Securing Affordable Housing in the Palace Arms Redevelopment


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Dear neighbours,

Thank you for your ongoing engagement over the last two years regarding the development application for the Palace Arms, 950 King Street West.

Engagement from neighbours through every step of an application process is absolutely critical — and why your input is so important. Since the first public meeting in March 2019 I have heard directly from many of you, and I appreciate that subsequent meetings have been made more difficult during the COVID-19 pandemic having to take place by phone and virtually. Thank you for continuing to be a part of the process.

In my seven years as a City Councillor, this has been one of the most challenging development applications to come across my desk. The complexities of the affordable housing replacement, and the lack of a legally enforceable dwelling room replacement policy, has meant a tremendous amount of work to get to where we are today.

But as I’ve said from Day One — affordable housing replacement is my top priority, and I’ve been clear that I would not accept anything less than affordable housing replacement as improved, deeply affordable housing on site.

Protecting Affordable Housing

The original application that was submitted in 2018 included zero affordable housing replacement. After two public meetings, four neighbourhood stakeholder meetings, countless meetings with City staff, and even a working table comprised of rooming house policy and non-profit housing experts — we have been able to exceed full replacement of the square footage that exists on site today, as new, deeply affordable, self-contained units with equal access to building amenities and facilities.

But that work began years before this application was even made.

When the City learned of the potential sale and redevelopment of the property in 2016, it was made clear that should any application for redevelopment be pursued, the City would seek the replacement of affordable housing that currently exists on site as a condition of any approval. In 2016 City Council approved a motion affirming this position.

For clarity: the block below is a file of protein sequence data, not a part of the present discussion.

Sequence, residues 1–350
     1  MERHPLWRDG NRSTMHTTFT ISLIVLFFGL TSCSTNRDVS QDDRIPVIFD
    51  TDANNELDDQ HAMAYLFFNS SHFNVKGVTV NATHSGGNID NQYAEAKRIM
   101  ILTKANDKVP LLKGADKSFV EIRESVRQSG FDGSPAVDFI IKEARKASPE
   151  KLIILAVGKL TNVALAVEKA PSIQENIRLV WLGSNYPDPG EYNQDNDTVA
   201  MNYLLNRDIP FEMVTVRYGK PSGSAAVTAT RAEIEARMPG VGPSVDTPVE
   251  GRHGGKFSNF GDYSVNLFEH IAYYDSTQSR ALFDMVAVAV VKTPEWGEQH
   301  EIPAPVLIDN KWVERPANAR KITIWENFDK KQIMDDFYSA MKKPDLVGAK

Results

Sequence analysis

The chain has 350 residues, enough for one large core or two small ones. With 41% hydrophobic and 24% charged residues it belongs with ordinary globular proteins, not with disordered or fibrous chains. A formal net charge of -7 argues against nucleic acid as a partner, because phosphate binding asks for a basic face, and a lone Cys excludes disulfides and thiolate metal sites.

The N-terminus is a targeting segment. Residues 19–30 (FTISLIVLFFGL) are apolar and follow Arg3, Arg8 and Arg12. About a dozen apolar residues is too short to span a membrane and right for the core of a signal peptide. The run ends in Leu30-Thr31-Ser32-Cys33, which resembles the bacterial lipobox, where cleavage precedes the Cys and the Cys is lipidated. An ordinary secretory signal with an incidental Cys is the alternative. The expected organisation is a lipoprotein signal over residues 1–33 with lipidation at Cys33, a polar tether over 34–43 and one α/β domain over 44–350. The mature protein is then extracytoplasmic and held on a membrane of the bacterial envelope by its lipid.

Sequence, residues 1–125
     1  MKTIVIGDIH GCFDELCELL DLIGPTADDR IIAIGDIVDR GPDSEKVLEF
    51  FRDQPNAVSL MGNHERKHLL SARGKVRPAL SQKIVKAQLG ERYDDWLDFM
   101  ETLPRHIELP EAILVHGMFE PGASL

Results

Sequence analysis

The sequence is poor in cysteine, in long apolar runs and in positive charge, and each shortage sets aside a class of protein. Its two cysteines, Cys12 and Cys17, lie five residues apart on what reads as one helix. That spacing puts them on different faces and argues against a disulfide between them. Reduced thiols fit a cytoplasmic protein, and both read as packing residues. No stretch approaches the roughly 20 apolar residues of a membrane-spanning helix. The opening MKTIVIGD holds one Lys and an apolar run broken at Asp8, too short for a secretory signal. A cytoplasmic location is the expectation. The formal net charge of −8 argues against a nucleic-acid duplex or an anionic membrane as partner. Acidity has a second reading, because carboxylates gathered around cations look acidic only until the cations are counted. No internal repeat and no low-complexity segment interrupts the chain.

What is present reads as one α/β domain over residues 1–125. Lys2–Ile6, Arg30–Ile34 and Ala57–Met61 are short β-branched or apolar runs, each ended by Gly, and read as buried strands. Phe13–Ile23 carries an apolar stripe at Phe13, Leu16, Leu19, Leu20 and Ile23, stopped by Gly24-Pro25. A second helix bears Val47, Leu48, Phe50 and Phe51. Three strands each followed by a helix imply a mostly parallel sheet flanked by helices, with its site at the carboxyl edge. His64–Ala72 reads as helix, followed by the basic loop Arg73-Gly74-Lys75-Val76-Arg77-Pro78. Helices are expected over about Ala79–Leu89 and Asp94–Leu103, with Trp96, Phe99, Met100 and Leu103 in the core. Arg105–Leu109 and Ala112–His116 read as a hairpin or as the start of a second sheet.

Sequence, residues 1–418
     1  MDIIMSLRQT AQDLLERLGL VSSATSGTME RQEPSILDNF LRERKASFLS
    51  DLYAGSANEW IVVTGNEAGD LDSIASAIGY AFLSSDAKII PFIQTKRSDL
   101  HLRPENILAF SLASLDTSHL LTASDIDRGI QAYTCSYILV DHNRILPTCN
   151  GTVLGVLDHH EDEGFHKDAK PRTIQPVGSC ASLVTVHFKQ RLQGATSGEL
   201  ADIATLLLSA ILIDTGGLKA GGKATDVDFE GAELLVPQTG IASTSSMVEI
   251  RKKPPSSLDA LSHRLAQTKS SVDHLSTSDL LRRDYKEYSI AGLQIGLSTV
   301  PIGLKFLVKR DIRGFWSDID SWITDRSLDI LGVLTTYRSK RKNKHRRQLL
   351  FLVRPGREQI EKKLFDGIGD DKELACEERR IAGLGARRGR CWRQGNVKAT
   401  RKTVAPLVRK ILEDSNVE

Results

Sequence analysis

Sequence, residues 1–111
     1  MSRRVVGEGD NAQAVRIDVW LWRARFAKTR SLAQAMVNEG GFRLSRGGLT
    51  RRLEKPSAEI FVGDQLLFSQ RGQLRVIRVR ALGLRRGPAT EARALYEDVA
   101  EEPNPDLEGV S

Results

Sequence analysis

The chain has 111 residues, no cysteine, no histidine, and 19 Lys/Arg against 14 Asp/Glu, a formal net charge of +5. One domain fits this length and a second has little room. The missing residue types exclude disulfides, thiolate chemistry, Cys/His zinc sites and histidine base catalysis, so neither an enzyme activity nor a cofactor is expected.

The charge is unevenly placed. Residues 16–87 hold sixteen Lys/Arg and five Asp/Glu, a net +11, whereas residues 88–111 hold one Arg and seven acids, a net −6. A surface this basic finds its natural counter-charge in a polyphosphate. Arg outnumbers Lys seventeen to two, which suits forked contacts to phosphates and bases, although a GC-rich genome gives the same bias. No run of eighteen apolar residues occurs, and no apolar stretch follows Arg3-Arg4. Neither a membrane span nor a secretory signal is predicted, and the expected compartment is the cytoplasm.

This 2016 motion contributed towards the development of the City’s new Dwelling Room Replacement Policy, which was approved by City Council in 2019. Unfortunately, the policy has been appealed to the provincial Local Planning Appeal Tribunal (LPAT), therefore it does not currently have legal force. In other words, the City of Toronto cannot legally require full replacement of existing dwelling room affordable housing. Nor can the City require it at the developer's expense. However, legally required or not, I have been clear to the developer and City Planning staff since the beginning that I could not support any application that didn’t include full affordable housing replacement.

Under the City’s Dwelling Room Replacement Policy, this would mean a full replacement of the 12,000 square feet currently on site as new affordable housing.

I am glad to be able to report that not only did we achieve full replacement of the 12,000 square feet currently on site, we continued to push hard, and by identifying funds from other development sites that I had allocated to affordable housing, we achieved an additional 3,000 square feet — bringing us to a total of 15,000 square feet of new affordable housing. That’s 25% more than what exists today.

With City Council’s pre-approval of housing benefits for all the future tenants in the new affordable units, the rent paid by tenants will be tied to income, and thus deeply affordable to people on social assistance. In other words, these units will be rent-geared-to-income (RGI) and truly affordable. 

Working with non-profit affordable housing providers, housing experts, and City staff, the next step is to design the best program model for the affordable space, including designing and laying out the exact number of units.

For the existing tenants of the Palace Arms, the affordable housing replacement includes their right to return, and securing units in the redevelopment at similar rents to what they are currently paying, receiving a monthly Rent-Gap Payment from the date that they move out and until the new affordable units are ready for moving back in; compensation including moving costs, and having access to Housing Support Services to help tenants locate, secure and move into alternative housing during construction.

None of these vital supports for existing tenants are an automatic legal requirement. They could only be secured through our persistent efforts over the past two years.

This is a first in the City of Toronto, and a significant achievement. 

What does all this mean? Frankly, despite not being able to legally require full replacement of all dwelling rooms at the developer's expense, we fought hard to meet the spirit of the Dwelling Room Replacement Policy. We were able to achieve an increase in affordable housing space, an improvement in the quality of this housing — from rooms with shared washrooms and kitchens to fully self-contained units — and truly deeply affordable units that people on social assistance can afford.

Please click here to read my full letter.